|dc.contributor.author||Clayton, Barry Timothy Marr||
|dc.description||Thesis (M.Sc. (Chemistry))--North-West University, Potchefstroom Campus, 2007.||
|dc.description.abstract||The sc-CO2 extraction of annato pigment from seed, piperine from black pepper corns
and caffeine from coffee beans was shown to be feasible, yielding extracts comparable
to those obtainable by solvent extraction.
A principal feature of the investigation was that it revealed the contribution of quite a
few variables not normally considered to have a major influence on sc-CO2 botanical
extraction. One of these is the natural moisture and light oil content of the plant
material that act like internal cosolvents influencing the solvent characteristics of sc-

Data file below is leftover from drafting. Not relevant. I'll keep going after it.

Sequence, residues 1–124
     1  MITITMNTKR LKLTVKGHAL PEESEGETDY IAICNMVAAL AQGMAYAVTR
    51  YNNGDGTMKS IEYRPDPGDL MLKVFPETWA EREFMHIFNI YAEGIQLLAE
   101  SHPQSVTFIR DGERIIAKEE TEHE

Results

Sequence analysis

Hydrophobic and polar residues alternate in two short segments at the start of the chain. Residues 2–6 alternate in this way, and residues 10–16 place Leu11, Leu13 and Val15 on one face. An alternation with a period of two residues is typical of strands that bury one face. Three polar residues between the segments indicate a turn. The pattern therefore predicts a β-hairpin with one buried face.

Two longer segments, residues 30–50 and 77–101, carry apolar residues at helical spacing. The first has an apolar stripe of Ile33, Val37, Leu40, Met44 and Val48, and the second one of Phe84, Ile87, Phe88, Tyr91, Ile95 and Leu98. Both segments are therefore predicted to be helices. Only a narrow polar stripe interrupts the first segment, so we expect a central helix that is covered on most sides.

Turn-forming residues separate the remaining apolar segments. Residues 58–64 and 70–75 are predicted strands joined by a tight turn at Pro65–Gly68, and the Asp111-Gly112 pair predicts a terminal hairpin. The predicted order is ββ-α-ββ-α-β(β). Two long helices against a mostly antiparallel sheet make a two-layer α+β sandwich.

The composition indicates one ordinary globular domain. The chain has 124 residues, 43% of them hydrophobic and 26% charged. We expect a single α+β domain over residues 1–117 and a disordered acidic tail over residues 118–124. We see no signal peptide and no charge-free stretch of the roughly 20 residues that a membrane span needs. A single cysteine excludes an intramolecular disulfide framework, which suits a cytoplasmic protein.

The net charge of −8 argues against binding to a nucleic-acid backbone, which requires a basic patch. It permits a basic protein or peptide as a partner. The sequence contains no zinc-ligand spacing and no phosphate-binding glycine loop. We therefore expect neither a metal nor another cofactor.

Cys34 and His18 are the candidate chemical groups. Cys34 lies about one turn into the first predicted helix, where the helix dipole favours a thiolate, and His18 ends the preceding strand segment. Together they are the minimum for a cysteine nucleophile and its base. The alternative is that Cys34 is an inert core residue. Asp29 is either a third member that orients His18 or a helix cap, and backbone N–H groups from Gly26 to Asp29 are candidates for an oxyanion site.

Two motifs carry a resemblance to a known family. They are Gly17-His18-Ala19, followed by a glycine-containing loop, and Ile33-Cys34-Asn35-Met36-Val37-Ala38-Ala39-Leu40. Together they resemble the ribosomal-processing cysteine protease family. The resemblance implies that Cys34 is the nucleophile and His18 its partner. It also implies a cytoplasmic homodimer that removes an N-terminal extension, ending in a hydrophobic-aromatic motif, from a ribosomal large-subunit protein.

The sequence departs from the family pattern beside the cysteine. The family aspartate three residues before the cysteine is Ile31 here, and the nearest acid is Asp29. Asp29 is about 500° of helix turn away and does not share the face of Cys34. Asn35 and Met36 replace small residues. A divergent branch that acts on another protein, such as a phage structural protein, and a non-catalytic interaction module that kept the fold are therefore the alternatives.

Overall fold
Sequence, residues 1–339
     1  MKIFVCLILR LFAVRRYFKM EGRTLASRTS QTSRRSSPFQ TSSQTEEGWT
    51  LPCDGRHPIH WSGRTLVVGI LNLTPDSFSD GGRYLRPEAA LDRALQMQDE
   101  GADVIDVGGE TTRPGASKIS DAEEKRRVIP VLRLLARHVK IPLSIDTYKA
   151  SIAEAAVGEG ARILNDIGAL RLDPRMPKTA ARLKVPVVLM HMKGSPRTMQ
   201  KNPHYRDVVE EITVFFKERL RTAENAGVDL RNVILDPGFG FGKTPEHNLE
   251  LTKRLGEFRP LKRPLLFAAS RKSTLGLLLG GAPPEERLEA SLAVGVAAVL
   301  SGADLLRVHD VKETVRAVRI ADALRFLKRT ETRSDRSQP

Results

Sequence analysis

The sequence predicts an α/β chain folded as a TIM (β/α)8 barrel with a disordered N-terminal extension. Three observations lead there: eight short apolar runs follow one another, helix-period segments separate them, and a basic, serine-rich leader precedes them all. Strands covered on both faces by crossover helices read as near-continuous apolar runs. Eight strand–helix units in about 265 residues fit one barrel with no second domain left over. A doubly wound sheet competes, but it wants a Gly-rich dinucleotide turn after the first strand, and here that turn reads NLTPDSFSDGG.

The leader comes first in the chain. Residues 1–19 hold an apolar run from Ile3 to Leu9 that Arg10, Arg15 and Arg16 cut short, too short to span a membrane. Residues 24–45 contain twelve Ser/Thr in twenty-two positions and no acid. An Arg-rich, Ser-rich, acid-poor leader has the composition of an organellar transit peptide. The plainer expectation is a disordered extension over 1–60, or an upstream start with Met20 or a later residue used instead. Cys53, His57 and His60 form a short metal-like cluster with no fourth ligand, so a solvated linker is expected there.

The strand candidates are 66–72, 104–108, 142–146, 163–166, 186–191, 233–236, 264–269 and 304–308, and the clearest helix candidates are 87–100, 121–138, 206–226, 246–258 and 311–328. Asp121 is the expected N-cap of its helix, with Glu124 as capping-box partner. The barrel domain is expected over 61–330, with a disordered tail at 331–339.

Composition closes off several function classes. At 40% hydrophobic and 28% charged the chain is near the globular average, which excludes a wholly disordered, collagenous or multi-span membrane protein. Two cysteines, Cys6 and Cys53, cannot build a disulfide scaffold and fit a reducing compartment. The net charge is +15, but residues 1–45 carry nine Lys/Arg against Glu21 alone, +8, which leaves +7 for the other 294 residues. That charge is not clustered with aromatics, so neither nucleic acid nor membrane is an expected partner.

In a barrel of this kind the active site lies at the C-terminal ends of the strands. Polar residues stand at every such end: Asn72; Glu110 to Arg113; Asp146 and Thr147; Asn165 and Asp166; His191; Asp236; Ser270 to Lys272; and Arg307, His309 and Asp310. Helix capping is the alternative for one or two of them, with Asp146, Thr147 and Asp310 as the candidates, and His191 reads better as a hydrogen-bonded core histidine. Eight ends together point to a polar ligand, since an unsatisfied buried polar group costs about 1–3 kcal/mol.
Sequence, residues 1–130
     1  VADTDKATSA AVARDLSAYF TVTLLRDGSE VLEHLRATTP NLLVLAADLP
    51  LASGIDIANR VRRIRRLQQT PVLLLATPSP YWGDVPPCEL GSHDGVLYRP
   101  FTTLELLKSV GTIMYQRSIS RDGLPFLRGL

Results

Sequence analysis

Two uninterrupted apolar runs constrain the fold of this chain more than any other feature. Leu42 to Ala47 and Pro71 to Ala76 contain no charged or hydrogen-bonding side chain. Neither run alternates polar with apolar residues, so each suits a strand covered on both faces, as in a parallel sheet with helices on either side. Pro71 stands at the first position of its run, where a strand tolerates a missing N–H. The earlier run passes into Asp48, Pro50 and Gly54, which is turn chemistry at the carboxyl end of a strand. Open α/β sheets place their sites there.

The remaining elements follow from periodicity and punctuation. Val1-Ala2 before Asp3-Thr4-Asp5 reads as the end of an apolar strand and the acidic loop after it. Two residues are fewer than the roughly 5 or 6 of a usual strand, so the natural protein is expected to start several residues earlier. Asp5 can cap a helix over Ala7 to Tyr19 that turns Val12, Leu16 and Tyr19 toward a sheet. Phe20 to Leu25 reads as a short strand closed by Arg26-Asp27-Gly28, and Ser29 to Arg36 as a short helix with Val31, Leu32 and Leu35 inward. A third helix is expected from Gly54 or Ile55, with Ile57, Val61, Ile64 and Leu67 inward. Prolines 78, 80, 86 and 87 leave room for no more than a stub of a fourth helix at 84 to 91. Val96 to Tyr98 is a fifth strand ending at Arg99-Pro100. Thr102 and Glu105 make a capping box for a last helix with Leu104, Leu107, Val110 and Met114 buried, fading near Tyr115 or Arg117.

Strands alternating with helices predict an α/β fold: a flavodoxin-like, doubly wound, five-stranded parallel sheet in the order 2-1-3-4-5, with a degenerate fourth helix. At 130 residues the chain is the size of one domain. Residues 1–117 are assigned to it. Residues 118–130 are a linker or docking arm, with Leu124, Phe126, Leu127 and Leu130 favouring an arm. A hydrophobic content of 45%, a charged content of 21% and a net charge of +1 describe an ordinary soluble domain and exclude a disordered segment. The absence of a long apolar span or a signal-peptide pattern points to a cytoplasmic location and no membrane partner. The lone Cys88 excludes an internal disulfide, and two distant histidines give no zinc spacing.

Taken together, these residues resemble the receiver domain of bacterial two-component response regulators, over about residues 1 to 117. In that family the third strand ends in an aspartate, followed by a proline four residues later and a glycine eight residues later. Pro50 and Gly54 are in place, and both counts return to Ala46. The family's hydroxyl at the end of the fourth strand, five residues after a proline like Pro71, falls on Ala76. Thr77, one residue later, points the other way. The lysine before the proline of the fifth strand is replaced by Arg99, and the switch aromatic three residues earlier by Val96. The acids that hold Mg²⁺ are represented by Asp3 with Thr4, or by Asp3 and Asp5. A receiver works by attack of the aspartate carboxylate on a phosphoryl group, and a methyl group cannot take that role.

CO2 in a similar way as an added external cosolvent adjusts the polarity of the fluid.
The extraction data were processed by linear regression analysis and goal seek
statistics available in a commercial software package. It offered the possibility to
predict the outcome of an extraction for a moderate change in one parameter while all
others are kept constant. The regression fit, however, was not based on real process
modelling but rather on an algebraic summation of the contribution of different
variables, thus preventing statistical weighting to be applied to the different
The extractions were performed on both micro and pilot plant scale and thereby
demonstrated the ability to upscale supercritical work.
The mechanism of botanical extraction by sc-CO2 was shown to be principally
governed by dissolution of a desired substance by virtue' of the density and thus the
solvent strength of the fluid and by the magnitude of the corresponding activation
energy. This suggests that the extraction process is chemical in nature.||
|dc.title||The supercritical carbon dioxide extraction of some food related products||en